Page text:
At least one of the airport security toads saw me hand the baby off to grandma, and then make my way into the throng of exit-bound folk. They three immediately picked up my six. “This is so stupid,” I thought. WTF am I supposed to do: let myself get caught, not get caught? I stepped out smartly weaving through the crowd like a coral snake through a reed grove.
“If I run, there is no way those toads are going to be able to catch me,” I calculated. But… if I allow myself to get caught, there may be a nice consignment of information to be gleaned about what all this is about. “What’s the worst thing they could do to me, send me back to Bragg?”
So rested he, ‘neath the Tum-tum tree, and stood awhile and thought. Yes, I stood at the bottom of and facing the escalator as the guards piled off. Now the guards and I face to face, one of them began: “Mr. Hand, we have some questions we would like to ask you; would you mind coming with us, please?”
I flashed back to a training event that fit this scenario well. It involved being taken by airport authorities and placed into ‘secondary’ which is a measure of interrogation. The exercise was designed to test our interrogation demeanor, and our familiarization with the cover stories we had developed to explain our travels and actions.
Well, I didn’t have one of those stories at that time, so I would just have to think of something very soon. A point about the training that I vividly remember is how we were chastised as a class for all of us agreeing immediately to go peacefully when rolled up by airport guards. “Nobody really does that, men… people don’t just blindly walk off with guards like you all did. They put up some resistance.”
“He’s right; absolutely right. I’ll not make that same mistake again!” I promised myself. So I stood defiantly before the guards and gave them my answer: “Hell no, I won’t go.” And the shocked guard continued after a pause at length: “Come on Mr. Hand, just play the game.”
Ah, so a game it was, was it? I had obtained my first shred of intel about this boondoggle I was on.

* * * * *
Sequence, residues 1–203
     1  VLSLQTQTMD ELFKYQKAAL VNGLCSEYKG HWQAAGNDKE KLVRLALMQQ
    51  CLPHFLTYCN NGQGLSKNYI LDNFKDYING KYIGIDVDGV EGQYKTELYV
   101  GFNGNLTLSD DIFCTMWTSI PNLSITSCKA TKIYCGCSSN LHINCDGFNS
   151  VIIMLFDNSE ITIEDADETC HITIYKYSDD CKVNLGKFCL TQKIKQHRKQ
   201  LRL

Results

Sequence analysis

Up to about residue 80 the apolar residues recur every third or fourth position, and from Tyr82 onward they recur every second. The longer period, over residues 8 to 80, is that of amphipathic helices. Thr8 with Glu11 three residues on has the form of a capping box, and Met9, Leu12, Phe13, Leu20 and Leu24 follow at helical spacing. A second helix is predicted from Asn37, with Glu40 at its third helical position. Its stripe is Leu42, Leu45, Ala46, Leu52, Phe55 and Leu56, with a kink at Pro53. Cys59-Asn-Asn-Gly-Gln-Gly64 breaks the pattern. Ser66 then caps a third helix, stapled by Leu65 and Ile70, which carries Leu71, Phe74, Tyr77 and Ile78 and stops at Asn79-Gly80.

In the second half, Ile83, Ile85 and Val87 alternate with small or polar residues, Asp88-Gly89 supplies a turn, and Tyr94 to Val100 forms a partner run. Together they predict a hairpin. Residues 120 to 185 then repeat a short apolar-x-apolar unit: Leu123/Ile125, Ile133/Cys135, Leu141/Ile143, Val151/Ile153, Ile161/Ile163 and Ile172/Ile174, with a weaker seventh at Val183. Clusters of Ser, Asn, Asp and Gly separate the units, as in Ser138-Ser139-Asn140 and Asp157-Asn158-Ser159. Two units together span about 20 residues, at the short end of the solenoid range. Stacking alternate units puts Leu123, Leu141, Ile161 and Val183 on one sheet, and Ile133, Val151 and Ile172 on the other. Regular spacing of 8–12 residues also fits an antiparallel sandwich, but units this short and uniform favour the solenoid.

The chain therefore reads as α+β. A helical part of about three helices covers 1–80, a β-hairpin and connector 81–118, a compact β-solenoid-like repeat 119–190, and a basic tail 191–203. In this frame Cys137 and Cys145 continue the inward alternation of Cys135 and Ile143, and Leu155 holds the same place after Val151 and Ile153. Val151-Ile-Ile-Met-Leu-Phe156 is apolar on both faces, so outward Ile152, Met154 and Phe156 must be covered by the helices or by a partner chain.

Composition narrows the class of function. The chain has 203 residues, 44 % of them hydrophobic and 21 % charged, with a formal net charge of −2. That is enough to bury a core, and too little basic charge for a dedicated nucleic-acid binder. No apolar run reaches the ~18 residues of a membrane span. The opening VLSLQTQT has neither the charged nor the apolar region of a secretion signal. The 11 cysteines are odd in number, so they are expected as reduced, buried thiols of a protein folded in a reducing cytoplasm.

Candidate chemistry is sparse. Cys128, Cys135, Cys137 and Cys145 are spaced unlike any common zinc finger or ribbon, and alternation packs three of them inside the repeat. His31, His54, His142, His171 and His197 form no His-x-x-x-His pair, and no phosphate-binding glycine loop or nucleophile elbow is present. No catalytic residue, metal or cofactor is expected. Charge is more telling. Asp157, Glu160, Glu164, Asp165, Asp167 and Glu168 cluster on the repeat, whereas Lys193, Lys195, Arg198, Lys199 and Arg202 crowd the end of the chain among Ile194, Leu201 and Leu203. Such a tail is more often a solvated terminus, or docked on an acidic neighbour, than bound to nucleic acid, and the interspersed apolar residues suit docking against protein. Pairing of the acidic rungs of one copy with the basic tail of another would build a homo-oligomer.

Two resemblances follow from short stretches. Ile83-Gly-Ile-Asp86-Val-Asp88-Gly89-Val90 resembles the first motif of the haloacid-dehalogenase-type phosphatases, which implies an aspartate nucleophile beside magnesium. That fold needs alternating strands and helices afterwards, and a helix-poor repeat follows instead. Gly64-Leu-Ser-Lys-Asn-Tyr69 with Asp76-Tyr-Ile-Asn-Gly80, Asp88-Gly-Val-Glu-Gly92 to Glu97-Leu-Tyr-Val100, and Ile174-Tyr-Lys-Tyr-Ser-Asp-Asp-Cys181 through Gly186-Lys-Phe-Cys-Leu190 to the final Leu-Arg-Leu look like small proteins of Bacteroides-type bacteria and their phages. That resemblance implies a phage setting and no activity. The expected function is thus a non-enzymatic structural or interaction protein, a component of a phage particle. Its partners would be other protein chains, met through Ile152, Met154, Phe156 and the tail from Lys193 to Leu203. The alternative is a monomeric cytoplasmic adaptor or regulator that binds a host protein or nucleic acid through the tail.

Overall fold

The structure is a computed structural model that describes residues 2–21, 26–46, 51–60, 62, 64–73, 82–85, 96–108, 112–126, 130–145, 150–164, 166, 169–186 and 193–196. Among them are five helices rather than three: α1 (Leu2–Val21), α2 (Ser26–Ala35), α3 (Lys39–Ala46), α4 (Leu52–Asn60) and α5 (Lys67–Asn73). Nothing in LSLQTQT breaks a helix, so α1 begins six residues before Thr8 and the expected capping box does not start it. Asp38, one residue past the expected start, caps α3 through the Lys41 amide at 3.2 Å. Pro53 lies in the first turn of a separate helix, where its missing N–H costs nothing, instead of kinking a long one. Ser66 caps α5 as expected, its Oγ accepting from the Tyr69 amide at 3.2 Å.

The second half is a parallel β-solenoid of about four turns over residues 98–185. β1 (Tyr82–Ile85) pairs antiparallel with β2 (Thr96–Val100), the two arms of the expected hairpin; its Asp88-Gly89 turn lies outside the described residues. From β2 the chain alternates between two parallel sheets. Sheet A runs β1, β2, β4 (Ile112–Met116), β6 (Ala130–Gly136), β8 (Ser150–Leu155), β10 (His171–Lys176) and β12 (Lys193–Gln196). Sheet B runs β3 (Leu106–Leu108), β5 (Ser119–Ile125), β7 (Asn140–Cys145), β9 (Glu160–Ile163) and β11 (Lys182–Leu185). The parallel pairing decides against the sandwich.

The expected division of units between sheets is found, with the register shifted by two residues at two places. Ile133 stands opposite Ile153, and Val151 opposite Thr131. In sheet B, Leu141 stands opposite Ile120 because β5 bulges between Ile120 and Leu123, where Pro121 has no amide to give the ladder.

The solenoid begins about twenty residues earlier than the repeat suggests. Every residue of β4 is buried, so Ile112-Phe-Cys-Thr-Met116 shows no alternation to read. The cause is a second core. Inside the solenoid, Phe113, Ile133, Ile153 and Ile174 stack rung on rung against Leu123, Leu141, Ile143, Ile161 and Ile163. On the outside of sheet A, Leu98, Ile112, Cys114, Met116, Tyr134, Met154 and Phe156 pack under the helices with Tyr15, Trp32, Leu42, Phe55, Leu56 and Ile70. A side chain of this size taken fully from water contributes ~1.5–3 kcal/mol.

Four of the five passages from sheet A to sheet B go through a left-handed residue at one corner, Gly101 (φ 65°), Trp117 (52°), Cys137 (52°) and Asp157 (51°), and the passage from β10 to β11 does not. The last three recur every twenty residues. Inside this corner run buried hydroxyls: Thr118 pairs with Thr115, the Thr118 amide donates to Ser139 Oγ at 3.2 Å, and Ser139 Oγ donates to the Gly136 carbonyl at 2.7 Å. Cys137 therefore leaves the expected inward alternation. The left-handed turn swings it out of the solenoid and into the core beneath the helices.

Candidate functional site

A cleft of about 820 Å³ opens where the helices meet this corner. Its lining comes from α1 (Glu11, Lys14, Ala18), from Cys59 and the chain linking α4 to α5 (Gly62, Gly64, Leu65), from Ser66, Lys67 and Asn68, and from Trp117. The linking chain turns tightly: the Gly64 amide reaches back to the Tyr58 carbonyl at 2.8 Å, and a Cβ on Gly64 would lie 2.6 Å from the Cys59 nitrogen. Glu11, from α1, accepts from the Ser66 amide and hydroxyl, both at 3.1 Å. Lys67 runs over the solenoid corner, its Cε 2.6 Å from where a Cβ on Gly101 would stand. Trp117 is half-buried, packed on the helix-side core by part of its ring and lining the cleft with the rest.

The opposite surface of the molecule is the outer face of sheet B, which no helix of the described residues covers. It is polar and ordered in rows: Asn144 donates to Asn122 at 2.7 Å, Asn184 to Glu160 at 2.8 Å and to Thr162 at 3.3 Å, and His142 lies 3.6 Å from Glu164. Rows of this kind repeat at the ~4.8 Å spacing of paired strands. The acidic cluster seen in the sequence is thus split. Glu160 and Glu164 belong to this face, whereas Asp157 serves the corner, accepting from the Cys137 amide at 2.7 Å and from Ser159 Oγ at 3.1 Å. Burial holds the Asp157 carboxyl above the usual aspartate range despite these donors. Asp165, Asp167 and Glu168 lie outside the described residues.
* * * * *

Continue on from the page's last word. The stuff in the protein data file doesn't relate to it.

“I really hope this is just a stupid test… This is only a test. Had this been an actual emergency I would have been given instructions where to go in my area for assistance” I thought as I was led through a card-swipe door, and into a sort of meeting room with an oval table centered, and several suits sitting in chairs all around.
“Have a seat, Mr. Hand” invited the central authority figure.
“Yes, thank you Mr… Mr… I’ll just have a seat right here if that’s ok with everyone, Mr… Mr… well alrighty then.”
I looked across the long axis of the table to the gent who appeared poised to ‘carve the turkey.’ As I looked his face over, I focused on the bookshelf behind him. Hello! There was single aspect video camera pressed between some books. I looked 90 degrees to my right and searched for a second aspect camera. Nothing. It wouldn’t be behind me, so I scanned to the right and sure enough, second aspect camera was just there mounted under a shelf.
I tried not to stare at either camera, tipping that I had fingered them, and I dared not smirk and wink at them, as that would invite a much harsher interrogation from the James Gang here at the table.
The turkey carver at the head of this thankful table pulled out and lit a cigarette with great ceremony and ritual. No one uttered a sound lest they disturb the passage. He sucked a long drag and exhaled slowly; he studied me through smoke.
Oh $hit… I… I thought I was going to laugh—don’t laugh!! Do not laugh at all costs. I couldn’t help it, the scenario was just too corny, and I imagined the smoker saying in a German accent: “Your pay-pahs are not in ordah.” And you know when you try to suppress a laugh, it makes it come out messy. Not wanting to blow spit and boogers across the room, I let a hardy laugh peel out to the room of startled suits.
(To be continued in Part III)